This Canterbury West Coast Air Rescue helicopter departing Greymouth, New Zealand, illustrates the additional risk posed by taking off in dark-night conditions, with no external visual references, a causal factor in the 2019 Bahamas accident discussed in the article. (iStock/Lakeview Images)

Failure to prepare for a dark-night flight sends seven to their deaths.

Most of us can perform reasonably well in familiar situations. Recognizing previously observed patterns eases mental workload, freeing bandwidth and attention to devote to the larger picture.

Coping with strange circumstances has the opposite effect, particularly if they trigger discomfort or anxiety. In a high-stakes, high-stress flight operation, that combination can snowball, putting the pilot(s) further and further behind the aircraft. Given time and the altitude to maneuver, the results can be merely frightening; without those advantages, the outcome can be disastrous.

The Mission

Shortly before midnight on Jul. 3, 2019, a corporate pilot based at Florida’s Palm Beach International Airport (KPBI) received an urgent phone call from his employer. The company’s owner was hosting a gathering on Big Grand Cay, one of his private islands in the Bahamas. His daughter and one of her friends had taken ill—another attendee later described them as “groggy and unresponsive”—and he wanted to evacuate them to Fort Lauderdale for evaluation and treatment. The pilot then called a contract pilot who worked for the company and asked him to join the flight as second in command (SIC).

They departed Palm Beach at 12:55 am on Jul. 4 in the company’s AgustaWestland AW139. There were only a few clouds below 25,000 ft. and winds were light, but it was very dark: both the sun and moon were more than 15 degrees below the horizon, providing no illumination.

The cockpit voice recorder (CVR) captured the pilots’ discussion of the conditions; the SIC assured his colleague that he “was night current,” had “done a lot of night flying,” and was accustomed to making off-airport landings after dark. They arrived at Big Grand Cay at 1:42 am and landed on the island’s 40-by-40-ft. helipad. The pad was unlit, so floodlights mounted on golf carts had been positioned where they wouldn’t interfere with the pilots’ vision. They kept the engines running after landing to board the passengers without delay.

The Aircraft

The 2007-model helicopter had a five-bladed, fully articulated main rotor system and a four-bladed, fully articulated tail rotor powered by two Pratt & Whitney Canada PT6C-67C turboshaft engines, each rated for 1,531 shp. The aircraft was equipped with a Honeywell Primus Epic integrated avionics suite that included an automatic flight control system (AFCS) utilizing two four-axis auto­pilots, each capable of controlling the aircraft if the other failed.

The left side of the accident fuselage following recovery. (NTSB Photo)

Force trim release (FTR) switches on the cyclic and collective controls enabled either pilot to override the autopilot and hand-fly that control as long as the switch was depressed. The FTR switches could also be used to reset the autopilots’ input parameters. Depending on which autopilot mode was in use, the AFCS captured the indicated airspeed, vertical speed, or altitude at the moment the FTR was released. A Penny & Giles multipurpose flight recorder combined the functions of the flight data and cockpit voice recorders.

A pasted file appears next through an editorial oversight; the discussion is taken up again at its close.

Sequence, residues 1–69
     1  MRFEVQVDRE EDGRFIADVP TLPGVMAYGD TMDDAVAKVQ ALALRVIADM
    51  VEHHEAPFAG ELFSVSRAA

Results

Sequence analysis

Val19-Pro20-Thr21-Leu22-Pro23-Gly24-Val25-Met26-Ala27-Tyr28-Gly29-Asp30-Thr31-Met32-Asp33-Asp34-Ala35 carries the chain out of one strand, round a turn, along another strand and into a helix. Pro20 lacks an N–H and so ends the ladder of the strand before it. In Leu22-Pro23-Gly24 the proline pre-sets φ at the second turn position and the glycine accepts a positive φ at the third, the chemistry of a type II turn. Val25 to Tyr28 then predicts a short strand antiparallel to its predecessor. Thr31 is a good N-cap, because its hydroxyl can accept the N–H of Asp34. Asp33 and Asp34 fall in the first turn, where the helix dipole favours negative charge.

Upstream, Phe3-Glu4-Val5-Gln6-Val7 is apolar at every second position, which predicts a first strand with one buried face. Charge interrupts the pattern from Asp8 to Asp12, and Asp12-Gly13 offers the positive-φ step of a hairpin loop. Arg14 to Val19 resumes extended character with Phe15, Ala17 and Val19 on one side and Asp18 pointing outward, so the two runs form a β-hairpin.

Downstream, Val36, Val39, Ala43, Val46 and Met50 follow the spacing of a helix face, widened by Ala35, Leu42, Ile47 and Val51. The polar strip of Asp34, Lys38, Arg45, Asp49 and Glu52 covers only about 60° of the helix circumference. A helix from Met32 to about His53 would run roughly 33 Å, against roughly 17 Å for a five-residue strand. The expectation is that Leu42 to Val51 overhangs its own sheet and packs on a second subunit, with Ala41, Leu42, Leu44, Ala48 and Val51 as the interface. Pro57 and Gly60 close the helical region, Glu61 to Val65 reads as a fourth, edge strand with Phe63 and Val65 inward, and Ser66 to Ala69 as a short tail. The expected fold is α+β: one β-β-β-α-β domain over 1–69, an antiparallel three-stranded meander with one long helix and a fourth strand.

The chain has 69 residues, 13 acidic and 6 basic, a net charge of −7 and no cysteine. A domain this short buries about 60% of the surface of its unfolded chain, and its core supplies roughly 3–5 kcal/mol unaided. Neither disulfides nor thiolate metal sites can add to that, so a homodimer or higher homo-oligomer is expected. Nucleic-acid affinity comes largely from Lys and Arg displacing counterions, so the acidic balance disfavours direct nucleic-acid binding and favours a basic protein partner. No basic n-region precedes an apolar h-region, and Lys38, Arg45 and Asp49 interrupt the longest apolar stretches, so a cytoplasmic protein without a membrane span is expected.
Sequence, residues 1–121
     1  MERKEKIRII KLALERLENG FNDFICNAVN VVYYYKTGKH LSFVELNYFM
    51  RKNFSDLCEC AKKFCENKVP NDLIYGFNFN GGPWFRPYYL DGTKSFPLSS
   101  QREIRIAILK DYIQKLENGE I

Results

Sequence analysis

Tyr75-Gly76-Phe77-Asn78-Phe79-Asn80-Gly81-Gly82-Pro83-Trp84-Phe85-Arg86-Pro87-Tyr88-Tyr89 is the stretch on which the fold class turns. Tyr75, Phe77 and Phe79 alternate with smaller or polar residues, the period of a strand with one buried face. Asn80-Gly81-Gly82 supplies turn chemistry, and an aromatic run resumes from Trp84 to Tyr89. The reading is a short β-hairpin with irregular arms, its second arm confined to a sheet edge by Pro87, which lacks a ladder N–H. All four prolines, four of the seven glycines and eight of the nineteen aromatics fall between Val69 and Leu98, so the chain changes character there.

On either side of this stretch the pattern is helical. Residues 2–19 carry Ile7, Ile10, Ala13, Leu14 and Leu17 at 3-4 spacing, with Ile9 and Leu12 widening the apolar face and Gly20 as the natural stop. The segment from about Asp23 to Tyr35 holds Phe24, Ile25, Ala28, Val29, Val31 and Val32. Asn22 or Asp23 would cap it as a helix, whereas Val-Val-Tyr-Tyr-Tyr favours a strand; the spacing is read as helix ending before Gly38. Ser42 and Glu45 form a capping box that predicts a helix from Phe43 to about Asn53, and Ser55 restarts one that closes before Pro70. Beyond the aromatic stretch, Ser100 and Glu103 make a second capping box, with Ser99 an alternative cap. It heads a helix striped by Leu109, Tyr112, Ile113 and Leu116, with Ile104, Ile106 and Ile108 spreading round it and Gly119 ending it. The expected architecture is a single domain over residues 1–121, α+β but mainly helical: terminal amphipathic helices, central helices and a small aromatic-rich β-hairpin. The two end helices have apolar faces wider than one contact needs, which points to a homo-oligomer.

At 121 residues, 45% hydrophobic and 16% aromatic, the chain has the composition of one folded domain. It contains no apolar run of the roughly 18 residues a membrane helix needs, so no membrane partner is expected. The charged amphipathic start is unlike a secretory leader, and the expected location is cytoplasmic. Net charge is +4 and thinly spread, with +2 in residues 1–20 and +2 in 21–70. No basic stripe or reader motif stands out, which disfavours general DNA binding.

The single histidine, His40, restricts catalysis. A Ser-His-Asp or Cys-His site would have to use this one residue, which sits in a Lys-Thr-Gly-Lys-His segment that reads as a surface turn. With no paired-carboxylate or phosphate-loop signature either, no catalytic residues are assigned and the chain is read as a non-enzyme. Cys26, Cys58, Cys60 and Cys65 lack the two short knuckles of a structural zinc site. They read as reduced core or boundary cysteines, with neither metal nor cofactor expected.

The helicopter had flown 2,158 hours as of the day of the flight. An extensive series of 25-, 50-, 300-, and 600-hour repetitive inspections had been completed on Jun. 28, just 4 flight hours earlier, along with annual oil changes in the main, intermediate, and tail gearboxes. Track and balance of the main- and tail-rotor systems was also checked, and repairs made to the landing gear and rotating scissor assemblies.

The Pilots

The 56-year-old pilot in command (PIC) was a longtime close friend of the owner. He held a commercial certificate with ratings for single-engine seaplanes and single- and multi-engine airplanes as well as an instrument rating for helicopters. In the National Transportation Safety Board (NTSB) report, his total flight experience in all aircraft was given as 2,241 hours, but his pilot log was kept on an iPad from which no data could be recovered, so his make-and-model time, night currency, and instrument currency couldn’t be determined. According to the operator’s chief pilot, the PIC exercised operational control over the helicopter. His second-class medical certificate was issued in December 2018.

The 52-year-old SIC held an airline transport certificate for helicopters with commercial privileges for gyroplanes and a flight instructor’s certificate for both classes of rotorcraft. He’d given the PIC, already a fixed-wing pilot, his initial helicopter instruction in 2004 and they’d been friends since, starting an aviation business together. The SIC had accumulated 12,200 hours of total flight time. Though the SIC held no US fixed-wing ratings, the chief pilot recalled hearing that he’d previously flown fighter jets for the Royal Air Force. His second-class medical certificate was issued in April 2019.

According to his girlfriend, the PIC didn’t like to fly at night and rarely did so, characterizing it as “a whole different ballgame.” She believed this was the first time he’d flown to the island after dark. The SIC’s wife reported that he enjoyed night flying and had logged about 1,450 hours at night, most recently on May 25, six weeks before the accident.

The two pilots had been paired during their initial type-rating training in the AW139, which included instrument takeoffs and unusual attitude recoveries. The SIC’s instructor commented that he showed “great understanding of instrument procedures and FMS [flight management systems], but not always using a checklist led to momentary loss of situational awareness.” He also noted that the SIC “struggled with [crew resource management] … wanting to fly single-pilot, especially during emergency training.”

Both pilots passed Part 61 checkrides and proficiency checks in November 2018, though the PIC was rated below average on airman’s skill-decisiveness as well as overall. His instructor wrote that “progressive training/checking was halted and changed to traditional 61.58 training due to the applicant not reaching the required proficiency.”

The Flight

The flight lasted less than 2 minutes and covered less than 2 miles.

At 1:45 am, the PIC used a ForeFlight integrated flight app to file an IFR flight plan requesting direct routing at a cruising altitude of 1,500 ft. and an airspeed of 140 kt. It was never activated. The CVR didn’t record any preflight briefing or discussion of the division of crew responsibilities or procedures for making a dark-night departure over water. At 1:50 am, the PIC said he’d enter the flight plan information into the FMS. Five passengers were boarded, including the owner, the two ailing guests, and two more of their friends, one of whom had just passed her nursing board exams and wanted to be available to help during the flight. The helicopter lifted off at 1:52:17.